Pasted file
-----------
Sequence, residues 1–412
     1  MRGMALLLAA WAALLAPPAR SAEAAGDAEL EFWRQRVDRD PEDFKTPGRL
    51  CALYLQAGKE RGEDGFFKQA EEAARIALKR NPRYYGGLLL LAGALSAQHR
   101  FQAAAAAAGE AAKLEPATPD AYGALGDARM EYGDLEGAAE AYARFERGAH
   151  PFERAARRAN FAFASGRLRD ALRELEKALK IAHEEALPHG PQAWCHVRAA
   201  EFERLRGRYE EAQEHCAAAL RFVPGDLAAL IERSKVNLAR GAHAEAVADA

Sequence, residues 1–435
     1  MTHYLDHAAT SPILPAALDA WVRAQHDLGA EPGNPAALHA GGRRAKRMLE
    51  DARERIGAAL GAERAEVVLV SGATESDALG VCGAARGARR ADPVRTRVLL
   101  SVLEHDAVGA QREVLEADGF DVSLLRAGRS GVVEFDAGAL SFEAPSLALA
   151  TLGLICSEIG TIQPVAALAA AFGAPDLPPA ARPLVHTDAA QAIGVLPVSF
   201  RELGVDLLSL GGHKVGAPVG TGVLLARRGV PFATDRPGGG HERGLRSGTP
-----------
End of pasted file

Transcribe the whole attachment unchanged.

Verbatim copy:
Sequence, residues 1–412
     1  MRGMALLLAA WAALLAPPAR SAEAAGDAEL EFWRQRVDRD PEDFKTPGRL
    51  CALYLQAGKE RGEDGFFKQA EEAARIALKR NPRYYGGLLL LAGALSAQHR
   101  FQAAAAAAGE AAKLEPATPD AYGALGDARM EYGDLEGAAE AYARFERGAH
   151  PFERAARRAN FAFASGRLRD ALRELEKALK IAHEEALPHG PQAWCHVRAA
   201  EFERLRGRYE EAQEHCAAAL RFVPGDLAAL IERSKVNLAR GAHAEAVADA

Sequence, residues 1–435
     1  MTHYLDHAAT SPILPAALDA WVRAQHDLGA EPGNPAALHA GGRRAKRMLE
    51  DARERIGAAL GAERAEVVLV SGATESDALG VCGAARGARR ADPVRTRVLL
   101  SVLEHDAVGA QREVLEADGF DVSLLRAGRS GVVEFDAGAL SFEAPSLALA
   151  TLGLICSEIG TIQPVAALAA AFGAPDLPPA ARPLVHTDAA QAIGVLPVSF
   201  RELGVDLLSL GGHKVGAPVG TGVLLARRGV PFATDRPGGG HERGLRSGTP